A New Future for Hotel Restaurants

By Peter Karpinski Partner, Sage Hospitality | August 12, 2012

Is it possible to change the way travelers currently think about hotel restaurants? Can hotel restaurants provide a customer experience so good that they capture significant local market share in an ultra-competitive sector, and also deliver a solid return to shareholders?

At Sage Restaurant Group, those are exactly the challenges we work every day to solve and the same questions I wrestled with during my early experience in hotels and restaurants. In the end, we create unexpected, playful and locally focused food and beverage experiences that resonate with guests and the people who live and work in the communities we serve. Integrating great restaurant fundamentals in the unique context of F&B can be delivered through true partnerships at the property level. But this isn't the way I was taught.

Like many in this industry, I received my hospitality degree and went to work learning the business, inside and out. I was fortunate enough to work with some of the best companies in the world – Four Seasons Hotels & Resorts, Starwood Hotels & Resorts, Caesars Entertainment, and Starr Restaurant Organization. Along the way I internalized the concept of continual learning.

In each of my professional relationships, I gained new insights about hotel and restaurant customers and stakeholders. I asked questions and I watched and learned from extremely talented managers and executives. I sought mentors all along the way. I built as much perspective as possible.

In a quest to learn about the strengths and pitfalls of independent restaurants, I professionally progressed away from the traditional hotel F&B environment, and closer to the world of independent restaurants, until I finally found myself out of the hotel sector altogether. As I learned about the business models of free standing restaurants, I realized the gap between profit and loss and knowing your markets. I realized there was no reason hotel restaurants should be loss leaders to the lodging business or unreliable sources of hotel profit. With that conviction, I needed a partner who understood the opportunity and was willing to join my commitment to shift the paradigm.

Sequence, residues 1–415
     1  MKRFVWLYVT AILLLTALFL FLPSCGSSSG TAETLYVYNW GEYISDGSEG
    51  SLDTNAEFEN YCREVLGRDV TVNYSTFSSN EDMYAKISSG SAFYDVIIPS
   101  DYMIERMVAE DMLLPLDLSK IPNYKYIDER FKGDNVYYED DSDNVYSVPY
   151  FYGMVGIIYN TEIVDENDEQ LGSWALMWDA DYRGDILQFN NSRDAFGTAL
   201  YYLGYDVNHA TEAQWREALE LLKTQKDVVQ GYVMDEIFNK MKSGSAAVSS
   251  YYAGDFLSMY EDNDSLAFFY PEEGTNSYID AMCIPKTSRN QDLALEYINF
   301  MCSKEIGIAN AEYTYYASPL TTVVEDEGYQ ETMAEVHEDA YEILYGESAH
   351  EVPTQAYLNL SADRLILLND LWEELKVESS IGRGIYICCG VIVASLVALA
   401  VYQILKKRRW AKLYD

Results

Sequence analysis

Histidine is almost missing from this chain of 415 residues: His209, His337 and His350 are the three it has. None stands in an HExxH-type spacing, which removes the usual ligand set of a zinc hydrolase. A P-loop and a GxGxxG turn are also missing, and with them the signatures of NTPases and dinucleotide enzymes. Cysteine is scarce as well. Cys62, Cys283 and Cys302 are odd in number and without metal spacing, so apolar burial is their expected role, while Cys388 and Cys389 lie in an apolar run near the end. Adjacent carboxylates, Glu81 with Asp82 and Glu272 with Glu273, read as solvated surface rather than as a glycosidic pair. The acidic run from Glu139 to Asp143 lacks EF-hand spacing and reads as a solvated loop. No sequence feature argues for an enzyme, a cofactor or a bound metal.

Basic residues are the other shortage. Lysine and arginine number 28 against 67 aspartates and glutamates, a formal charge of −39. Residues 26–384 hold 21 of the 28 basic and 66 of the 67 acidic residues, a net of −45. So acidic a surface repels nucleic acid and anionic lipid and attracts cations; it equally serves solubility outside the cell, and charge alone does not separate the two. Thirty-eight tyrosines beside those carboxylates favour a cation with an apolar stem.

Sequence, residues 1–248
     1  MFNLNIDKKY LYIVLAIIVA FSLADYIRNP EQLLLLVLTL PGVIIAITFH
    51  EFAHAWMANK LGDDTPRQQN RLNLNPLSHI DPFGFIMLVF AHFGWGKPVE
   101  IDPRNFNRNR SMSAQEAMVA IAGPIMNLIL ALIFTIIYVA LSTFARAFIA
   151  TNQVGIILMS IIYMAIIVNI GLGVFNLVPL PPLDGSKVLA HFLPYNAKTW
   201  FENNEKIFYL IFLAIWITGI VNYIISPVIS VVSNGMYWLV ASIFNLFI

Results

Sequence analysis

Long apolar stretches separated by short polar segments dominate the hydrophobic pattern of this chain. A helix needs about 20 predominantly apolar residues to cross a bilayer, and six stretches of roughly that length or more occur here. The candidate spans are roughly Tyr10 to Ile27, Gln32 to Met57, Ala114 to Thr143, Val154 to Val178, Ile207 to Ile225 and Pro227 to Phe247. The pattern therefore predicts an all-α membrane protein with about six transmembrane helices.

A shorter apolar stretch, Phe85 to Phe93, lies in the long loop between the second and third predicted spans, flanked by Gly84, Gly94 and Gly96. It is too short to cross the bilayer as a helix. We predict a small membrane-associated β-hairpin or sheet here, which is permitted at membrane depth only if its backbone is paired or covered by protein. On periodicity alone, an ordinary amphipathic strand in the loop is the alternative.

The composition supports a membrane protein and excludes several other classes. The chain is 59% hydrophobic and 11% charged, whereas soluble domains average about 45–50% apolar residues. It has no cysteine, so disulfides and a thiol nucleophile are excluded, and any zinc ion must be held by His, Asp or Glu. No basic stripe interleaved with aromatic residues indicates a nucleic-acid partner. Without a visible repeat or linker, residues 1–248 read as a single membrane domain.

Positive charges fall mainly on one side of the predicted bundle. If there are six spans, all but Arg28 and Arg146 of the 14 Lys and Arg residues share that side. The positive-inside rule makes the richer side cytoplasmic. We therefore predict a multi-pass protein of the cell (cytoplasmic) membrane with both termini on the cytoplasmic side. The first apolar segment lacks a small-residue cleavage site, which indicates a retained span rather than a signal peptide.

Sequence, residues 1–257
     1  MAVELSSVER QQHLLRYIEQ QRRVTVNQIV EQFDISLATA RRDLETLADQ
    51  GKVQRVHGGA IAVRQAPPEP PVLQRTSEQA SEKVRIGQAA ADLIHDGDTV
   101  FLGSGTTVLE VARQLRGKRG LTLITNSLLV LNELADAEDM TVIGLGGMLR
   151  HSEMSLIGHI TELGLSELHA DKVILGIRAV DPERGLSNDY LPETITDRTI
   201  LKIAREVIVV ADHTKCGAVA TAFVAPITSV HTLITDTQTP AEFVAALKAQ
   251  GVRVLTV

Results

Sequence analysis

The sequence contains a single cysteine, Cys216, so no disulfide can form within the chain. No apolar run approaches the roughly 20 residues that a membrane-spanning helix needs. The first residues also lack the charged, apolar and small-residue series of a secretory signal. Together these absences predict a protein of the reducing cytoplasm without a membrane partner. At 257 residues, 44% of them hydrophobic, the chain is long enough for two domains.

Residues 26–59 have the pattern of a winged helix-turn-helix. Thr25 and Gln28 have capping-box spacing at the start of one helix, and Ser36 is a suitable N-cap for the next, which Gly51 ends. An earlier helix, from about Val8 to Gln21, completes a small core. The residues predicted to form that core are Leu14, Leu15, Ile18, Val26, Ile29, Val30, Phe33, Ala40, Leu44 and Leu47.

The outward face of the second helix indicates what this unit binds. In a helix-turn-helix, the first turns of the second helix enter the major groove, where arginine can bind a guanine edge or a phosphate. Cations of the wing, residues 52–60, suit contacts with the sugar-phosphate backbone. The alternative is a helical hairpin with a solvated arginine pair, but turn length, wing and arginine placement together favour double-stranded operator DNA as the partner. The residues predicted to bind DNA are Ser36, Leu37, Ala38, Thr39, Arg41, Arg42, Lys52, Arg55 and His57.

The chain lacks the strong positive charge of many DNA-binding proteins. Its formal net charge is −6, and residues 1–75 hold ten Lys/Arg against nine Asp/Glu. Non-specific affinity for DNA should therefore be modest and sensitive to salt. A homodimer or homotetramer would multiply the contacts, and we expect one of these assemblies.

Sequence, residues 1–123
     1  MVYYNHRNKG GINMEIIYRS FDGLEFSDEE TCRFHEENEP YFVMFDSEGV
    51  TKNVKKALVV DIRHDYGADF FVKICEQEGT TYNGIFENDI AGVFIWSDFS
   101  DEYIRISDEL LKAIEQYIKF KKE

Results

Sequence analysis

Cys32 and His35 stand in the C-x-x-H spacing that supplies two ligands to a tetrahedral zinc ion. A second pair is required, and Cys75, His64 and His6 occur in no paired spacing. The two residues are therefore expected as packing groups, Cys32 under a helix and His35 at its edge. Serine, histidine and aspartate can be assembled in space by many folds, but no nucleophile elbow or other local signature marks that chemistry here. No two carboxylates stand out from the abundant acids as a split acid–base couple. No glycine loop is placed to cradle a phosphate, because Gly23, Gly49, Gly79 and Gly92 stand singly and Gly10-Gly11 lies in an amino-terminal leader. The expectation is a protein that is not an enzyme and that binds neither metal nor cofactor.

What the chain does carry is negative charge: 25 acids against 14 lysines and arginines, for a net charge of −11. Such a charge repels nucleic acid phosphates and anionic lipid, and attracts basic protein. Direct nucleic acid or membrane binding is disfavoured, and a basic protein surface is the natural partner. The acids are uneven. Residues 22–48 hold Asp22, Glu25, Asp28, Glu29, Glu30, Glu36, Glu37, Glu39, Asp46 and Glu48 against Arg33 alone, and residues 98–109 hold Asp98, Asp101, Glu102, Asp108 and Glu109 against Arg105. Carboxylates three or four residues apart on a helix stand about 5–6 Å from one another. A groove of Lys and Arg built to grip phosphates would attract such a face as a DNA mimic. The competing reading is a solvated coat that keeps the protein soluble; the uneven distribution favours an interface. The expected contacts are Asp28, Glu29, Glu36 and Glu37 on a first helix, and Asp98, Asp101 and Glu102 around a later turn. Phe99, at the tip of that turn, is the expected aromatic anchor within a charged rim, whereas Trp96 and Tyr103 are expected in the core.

In 2005, I met Walter Isenberg and Zack Neumeyer at Sage Hospitality and they were open to this new opportunity. As Sage was becoming a more active owner, developer, and operator of premier full-service branded hotels, they were committed to developing a more sustainable in-house F&B platform and, from that, Sage Restaurant Group was born. Our new platform has changed the way our guests and our hotel ownership groups think of hotel restaurants. It has created a new model for investors and executives, and has provided our organization with a unique proprietary differentiator.

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Social Media: Getting Personal

There Social media platforms have revolutionized the hotel industry. Popular sites such as Facebook, Twitter, Pinterest, Instagram, Snapchat, YouTube and Tumblr now account for 2.3 billion active users, and this phenomenon has forever transformed how businesses interact with consumers. Given that social media allows for two-way communication between businesses and consumers, the emphasis of any marketing strategy must be to positively and personally engage the customer, and there are innumerable ways to accomplish that goal. One popular strategy is to encourage hotel guests to create their own personal content - typically videos and photos -which can be shared via their personal social media networks, reaching a sizeable audience. In addition, geo-locational tags and brand hashtags can be embedded in such posts which allow them to be found via metadata searches, substantially enlarging their scope. Influencer marketing is another prevalent social media strategy. Some hotels are paying popular social media stars and bloggers to endorse their brand on social media platforms. These kinds of endorsements generally elicit a strong response because the influencers are perceived as being trustworthy by their followers, and because an influencer's followers are likely to share similar psychographic and demographic traits. Travel review sites have also become vitally important in reputation management. Travelers consistently use social media to express pleasure or frustration about their guest experiences, so it is essential that every review be attended to personally. Assuming the responsibility to address and correct customer service concerns quickly is a way to mitigate complaints and to build brand loyalty. Plus, whether reviews are favorable or unfavorable, they are a vital source of information to managers about a hotel's operational performance.  The February Hotel Business Review will document what some hotels are doing to effectively incorporate social media strategies into their businesses.